The Hormel Institute’s CryoEM microscope will soon be used for a new area of research – Alzheimer’s disease. Dr. Amer Alam, head of the Structural Biology of Membrane Transport lab at The Hormel Institute, has received a $435,750 2-year grant from the NIH Institute of Aging to study a specific protein, its effects on Alzheimer’s disease, and its possible use in future Alzheimer’s treatments.
Alzheimer’s disease represents one of the most important current healthcare challenges and is a leading cause of death worldwide. Alzheimer’s disease accounts for the overwhelming majority of dementias, which affect over 35 million people worldwide. This number is expected to double every twenty years.
Dr. Alam’s Alzheimer’s disease research focuses on a protein called Adenosine triphosphate (ATP) Binding Cassette Subfamily A member 7 (ABCA7) that transports molecules across cell membranes. Dysfunction of ABCA7 has been linked to both early and late onset Alzheimer’s disease through alterations in lipid homeostasis, Amyloid-Beta (Aβ) homeostasis, and phagocytosis. ABCA7 single nucleotide polymorphisms, or genetic variations, have been associated with late onset Alzheimer’s disease, suggesting that targeting ABCA7 could pave the way forward for new therapeutic Alzheimer’s disease strategies.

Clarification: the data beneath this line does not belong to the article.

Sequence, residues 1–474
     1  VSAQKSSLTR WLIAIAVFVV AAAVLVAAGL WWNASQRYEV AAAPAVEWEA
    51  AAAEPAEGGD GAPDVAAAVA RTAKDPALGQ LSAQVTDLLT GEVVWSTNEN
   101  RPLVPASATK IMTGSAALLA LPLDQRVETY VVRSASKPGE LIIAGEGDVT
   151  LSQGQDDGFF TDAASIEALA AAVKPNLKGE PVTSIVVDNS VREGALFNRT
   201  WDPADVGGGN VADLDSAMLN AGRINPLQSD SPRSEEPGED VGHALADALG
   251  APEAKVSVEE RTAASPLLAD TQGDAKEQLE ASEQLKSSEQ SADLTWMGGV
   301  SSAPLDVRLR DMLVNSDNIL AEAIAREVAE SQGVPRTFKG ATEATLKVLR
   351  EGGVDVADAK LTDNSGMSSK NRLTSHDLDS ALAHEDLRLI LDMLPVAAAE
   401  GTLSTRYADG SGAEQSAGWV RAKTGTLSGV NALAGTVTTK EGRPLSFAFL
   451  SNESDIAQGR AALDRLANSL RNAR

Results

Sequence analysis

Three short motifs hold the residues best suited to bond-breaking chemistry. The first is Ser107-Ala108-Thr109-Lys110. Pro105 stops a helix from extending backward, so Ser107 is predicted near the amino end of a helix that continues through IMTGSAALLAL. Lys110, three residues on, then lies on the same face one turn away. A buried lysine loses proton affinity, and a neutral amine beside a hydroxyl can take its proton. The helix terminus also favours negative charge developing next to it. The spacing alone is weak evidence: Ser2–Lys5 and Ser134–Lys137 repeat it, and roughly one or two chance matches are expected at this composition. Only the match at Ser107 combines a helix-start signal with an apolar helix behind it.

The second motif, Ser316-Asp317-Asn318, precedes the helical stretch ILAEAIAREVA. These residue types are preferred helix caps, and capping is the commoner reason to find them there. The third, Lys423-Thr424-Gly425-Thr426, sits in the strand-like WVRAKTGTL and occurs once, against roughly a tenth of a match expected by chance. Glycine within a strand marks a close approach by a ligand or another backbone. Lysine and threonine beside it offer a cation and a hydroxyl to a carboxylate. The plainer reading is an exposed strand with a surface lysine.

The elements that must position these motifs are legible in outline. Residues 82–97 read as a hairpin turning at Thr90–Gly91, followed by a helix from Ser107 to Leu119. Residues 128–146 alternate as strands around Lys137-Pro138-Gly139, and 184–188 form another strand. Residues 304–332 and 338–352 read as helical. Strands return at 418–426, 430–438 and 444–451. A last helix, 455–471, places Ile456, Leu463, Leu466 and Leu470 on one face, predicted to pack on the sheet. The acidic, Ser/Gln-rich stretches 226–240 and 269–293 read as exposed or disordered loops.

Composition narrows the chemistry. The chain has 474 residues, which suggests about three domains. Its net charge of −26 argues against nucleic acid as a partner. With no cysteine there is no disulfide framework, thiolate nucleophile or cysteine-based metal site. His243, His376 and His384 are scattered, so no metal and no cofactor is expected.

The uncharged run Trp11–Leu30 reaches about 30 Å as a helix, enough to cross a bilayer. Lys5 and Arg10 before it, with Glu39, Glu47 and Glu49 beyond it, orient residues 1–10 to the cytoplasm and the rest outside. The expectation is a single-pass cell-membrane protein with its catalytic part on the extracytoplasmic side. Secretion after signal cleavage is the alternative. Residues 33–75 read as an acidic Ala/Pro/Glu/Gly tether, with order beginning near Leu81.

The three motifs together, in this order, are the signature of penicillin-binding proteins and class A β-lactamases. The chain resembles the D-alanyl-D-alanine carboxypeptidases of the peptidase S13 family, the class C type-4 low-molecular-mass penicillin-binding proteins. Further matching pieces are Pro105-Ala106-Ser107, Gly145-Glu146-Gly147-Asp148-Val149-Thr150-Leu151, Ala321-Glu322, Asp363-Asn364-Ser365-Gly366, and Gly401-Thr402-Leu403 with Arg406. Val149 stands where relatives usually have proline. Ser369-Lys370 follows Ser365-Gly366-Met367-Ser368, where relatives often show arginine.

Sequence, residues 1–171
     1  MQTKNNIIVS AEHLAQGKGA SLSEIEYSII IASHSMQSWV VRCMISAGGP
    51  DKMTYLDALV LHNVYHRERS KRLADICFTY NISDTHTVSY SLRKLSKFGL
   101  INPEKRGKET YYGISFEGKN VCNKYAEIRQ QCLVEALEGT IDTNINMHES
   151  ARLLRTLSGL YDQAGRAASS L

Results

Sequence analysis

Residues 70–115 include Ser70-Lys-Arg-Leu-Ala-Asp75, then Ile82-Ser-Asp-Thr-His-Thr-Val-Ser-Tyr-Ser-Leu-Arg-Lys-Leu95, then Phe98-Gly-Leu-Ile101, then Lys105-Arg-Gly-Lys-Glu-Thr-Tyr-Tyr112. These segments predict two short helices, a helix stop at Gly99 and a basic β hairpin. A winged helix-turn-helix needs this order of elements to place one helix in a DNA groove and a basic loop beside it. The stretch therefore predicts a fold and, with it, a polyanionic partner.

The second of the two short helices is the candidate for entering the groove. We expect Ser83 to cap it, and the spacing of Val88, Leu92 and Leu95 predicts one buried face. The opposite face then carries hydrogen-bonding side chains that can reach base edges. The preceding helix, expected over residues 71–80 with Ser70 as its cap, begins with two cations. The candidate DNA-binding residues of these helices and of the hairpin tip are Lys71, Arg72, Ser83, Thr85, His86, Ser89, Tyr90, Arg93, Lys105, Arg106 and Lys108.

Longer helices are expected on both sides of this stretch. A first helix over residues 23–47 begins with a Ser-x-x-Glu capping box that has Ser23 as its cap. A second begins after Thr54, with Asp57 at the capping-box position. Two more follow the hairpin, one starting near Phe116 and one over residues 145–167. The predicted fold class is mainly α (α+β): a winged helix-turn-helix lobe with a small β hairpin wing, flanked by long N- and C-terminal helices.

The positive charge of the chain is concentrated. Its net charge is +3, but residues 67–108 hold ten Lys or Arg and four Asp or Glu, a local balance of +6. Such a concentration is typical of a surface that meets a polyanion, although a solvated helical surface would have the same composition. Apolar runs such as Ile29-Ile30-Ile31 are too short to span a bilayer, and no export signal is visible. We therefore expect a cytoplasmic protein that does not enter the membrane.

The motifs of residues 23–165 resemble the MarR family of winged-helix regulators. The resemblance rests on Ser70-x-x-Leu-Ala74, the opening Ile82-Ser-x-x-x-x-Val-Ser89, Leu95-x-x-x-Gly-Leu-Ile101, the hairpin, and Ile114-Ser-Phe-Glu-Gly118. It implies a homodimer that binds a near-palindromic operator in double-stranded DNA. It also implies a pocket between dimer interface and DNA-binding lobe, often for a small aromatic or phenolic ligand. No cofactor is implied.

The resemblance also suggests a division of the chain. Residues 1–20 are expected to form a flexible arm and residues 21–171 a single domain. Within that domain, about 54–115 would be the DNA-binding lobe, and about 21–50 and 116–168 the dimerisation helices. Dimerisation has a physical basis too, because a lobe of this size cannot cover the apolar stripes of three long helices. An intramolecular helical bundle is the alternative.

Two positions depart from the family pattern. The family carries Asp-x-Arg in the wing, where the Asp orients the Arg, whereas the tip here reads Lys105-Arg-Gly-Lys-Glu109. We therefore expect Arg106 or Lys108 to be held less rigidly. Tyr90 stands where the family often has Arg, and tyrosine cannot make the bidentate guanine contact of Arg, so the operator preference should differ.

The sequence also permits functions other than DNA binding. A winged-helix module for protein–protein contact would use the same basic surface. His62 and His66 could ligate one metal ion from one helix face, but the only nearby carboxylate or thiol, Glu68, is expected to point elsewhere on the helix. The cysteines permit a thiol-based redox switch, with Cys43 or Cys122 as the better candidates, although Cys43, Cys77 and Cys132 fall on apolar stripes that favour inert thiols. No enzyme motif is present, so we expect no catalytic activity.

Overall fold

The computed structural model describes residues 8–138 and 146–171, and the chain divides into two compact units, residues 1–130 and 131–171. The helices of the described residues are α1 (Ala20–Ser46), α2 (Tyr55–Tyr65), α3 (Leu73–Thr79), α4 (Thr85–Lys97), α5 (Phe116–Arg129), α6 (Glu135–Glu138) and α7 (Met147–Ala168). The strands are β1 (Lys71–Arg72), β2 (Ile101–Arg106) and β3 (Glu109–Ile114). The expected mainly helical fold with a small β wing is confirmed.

“Our results will shed light on the physiological functioning of human ABCA7, which is as of yet poorly understood, and validate its potential utilization as a therapeutic target for which future antibody and drug discovery efforts can be directed, thereby bridging basic and translational research for this relatively unexplored area of AD research,” shared Dr. Alam.
The long-term objectives of Dr. Alam’s research project are to gain insight into how human ABCA7 (hABCA7) looks and how it works. He and his team will use a combination of high-resolution structural analysis, in vitro functional characterization, and discovery of antibody and small molecule binders for hABCA7. The latter will aid in diagnostics and targeting, or function as potentiators and/or correctors of hABCA7 dysfunction.
The Hormel Institute’s CryoEM was added as part of the 2016 expansion. It is one of the world’s most powerful microscopes and allows scientists to see the structure of some of the smallest parts of our bodies – down to the near-atomic level. In this research project, the CryoEM will be used to create a detailed analysis of hABCA7 by itself and while it interacts with different molecules and lipid environments.